SAN DIEGO (Reuters) – A federal judge temporarily barred the U.S. government on Monday from the rapid deportation of immigrant parents reunited with their children, while a court considers the impact on children’s rights to seek asylum.
The government is working to meet a court order to reunite around 2,550 children who were separated by U.S. immigration officials from their parents at the U.S.-Mexican border.
The families had been separated as part of a broader crackdown on illegal immigration by the administration of President Donald Trump, sparking an international outcry. The president ordered the practice stopped on June 20.
The American Civil Liberties Union said in court papers on Monday that, once reunited, immigrant parents who face deportation should have a week to decide if they want to leave their child in the United States to pursue asylum separately.
A one-week stay is a reasonable and appropriate remedy to ensure that the unimaginable trauma these families have suffered does not turn even worse because parents made an uninformed decision about the fate of their child, the rights group wrote.
U.S. District Judge Dana Sabraw in San Diego asked the government to respond and set a July 24 date for the next hearing. In the meantime, he halted rapid deportations.
In a related lawsuit filed on Monday in New York City, the Legal Aid Society sought a federal court order requiring U.S. immigration officials to give 48 hours advance notice of planned family reunifications, allowing parents a better chance to consult with lawyers about asylum or other options for their children.
At Monday’s hearing in California, the judge pressed back on a suggestion by a government attorney that quick deportations aided reunifications by creating more room for families in detention.
The idea this would slow or stop reunifications, that’s not an option, said Sabraw. If space is an issue, the government will make space.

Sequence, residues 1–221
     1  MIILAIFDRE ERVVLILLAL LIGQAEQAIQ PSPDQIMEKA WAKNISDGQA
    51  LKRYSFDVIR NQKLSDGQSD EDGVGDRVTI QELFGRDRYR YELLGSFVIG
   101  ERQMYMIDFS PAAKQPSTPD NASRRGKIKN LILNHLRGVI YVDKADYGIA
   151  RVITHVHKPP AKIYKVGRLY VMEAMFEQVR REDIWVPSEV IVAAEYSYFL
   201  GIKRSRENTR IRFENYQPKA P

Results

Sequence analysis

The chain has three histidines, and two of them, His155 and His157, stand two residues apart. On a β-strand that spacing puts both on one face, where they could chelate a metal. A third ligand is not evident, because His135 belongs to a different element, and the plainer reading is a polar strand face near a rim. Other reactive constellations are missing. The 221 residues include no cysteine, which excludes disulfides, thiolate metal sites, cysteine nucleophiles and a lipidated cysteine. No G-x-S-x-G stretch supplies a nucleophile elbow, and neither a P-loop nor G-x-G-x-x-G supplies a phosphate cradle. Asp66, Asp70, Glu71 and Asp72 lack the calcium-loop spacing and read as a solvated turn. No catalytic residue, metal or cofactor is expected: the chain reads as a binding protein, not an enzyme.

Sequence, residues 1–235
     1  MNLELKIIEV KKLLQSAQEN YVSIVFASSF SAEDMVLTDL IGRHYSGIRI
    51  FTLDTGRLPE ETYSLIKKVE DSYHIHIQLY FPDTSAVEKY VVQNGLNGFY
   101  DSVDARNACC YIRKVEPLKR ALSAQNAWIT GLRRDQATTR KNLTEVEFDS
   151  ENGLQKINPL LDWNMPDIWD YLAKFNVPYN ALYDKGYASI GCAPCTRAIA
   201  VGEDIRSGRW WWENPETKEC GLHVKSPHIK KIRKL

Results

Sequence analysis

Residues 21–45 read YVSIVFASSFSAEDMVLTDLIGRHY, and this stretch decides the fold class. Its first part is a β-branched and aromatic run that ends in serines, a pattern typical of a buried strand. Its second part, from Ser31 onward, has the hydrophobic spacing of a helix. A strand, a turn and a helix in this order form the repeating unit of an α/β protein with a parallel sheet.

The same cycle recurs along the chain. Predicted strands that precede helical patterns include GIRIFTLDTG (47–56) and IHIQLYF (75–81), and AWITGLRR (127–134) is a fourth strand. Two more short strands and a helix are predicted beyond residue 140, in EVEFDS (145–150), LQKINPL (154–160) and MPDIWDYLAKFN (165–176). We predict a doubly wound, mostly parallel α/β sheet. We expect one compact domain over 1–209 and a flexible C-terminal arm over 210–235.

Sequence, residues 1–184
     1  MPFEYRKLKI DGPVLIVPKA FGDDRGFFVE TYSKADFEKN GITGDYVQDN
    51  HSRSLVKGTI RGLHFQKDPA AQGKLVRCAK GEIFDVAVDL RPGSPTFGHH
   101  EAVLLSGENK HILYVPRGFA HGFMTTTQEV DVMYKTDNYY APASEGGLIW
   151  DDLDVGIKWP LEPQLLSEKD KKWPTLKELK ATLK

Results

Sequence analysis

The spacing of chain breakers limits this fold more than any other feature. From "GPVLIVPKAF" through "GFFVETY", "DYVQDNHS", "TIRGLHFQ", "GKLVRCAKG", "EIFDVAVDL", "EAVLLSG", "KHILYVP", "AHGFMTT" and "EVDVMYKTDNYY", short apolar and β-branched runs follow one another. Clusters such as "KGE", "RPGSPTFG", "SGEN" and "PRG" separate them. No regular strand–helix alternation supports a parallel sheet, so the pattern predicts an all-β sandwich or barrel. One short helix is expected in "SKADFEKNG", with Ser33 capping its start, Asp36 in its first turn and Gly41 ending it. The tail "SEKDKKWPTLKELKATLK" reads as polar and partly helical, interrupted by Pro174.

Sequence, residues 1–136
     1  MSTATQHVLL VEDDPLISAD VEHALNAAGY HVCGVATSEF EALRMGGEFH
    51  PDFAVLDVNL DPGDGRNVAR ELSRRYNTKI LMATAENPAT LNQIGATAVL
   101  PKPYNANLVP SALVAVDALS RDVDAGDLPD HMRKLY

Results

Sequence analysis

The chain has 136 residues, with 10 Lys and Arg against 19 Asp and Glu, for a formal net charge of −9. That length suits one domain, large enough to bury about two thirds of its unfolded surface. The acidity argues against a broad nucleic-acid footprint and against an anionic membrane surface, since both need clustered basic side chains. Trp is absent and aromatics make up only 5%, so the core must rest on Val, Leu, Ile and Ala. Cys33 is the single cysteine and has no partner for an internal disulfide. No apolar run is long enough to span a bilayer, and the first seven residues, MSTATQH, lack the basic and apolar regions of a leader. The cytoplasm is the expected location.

Sabraw last month set a July 26 deadline for the government to reunite children who were separated from their parents at the border.
The majority have been matched with a parent, but the government is still trying to find parents for 71 children in its care, Jonathan White, from the U.S. Department of Health and Human Services, told the court. All children under the age of 5 have been reunited, the government said.
However, Lee Gelernt, an attorney with the ACLU, said after the hearing that he found it extremely troubling that there are 71 children whose parents they haven’t been able to identify, much less reunify.
Many immigrants separated from their children were seeking asylum after fleeing violence and crime in Guatemala, El Salvador and Honduras.
Children were sent to multiple care facilities across the country, and their parents were incarcerated in immigration detention centers or federal prisons – in keeping with the government’s zero tolerance policy under which all adults crossing the border illegally would face prosecution.
Reporting by Tom Hals in Wilmington, Delaware and Daniel Trotta in New York; Editing by Rosalba O’Brien, Noeleen Walder and Frances Kerry
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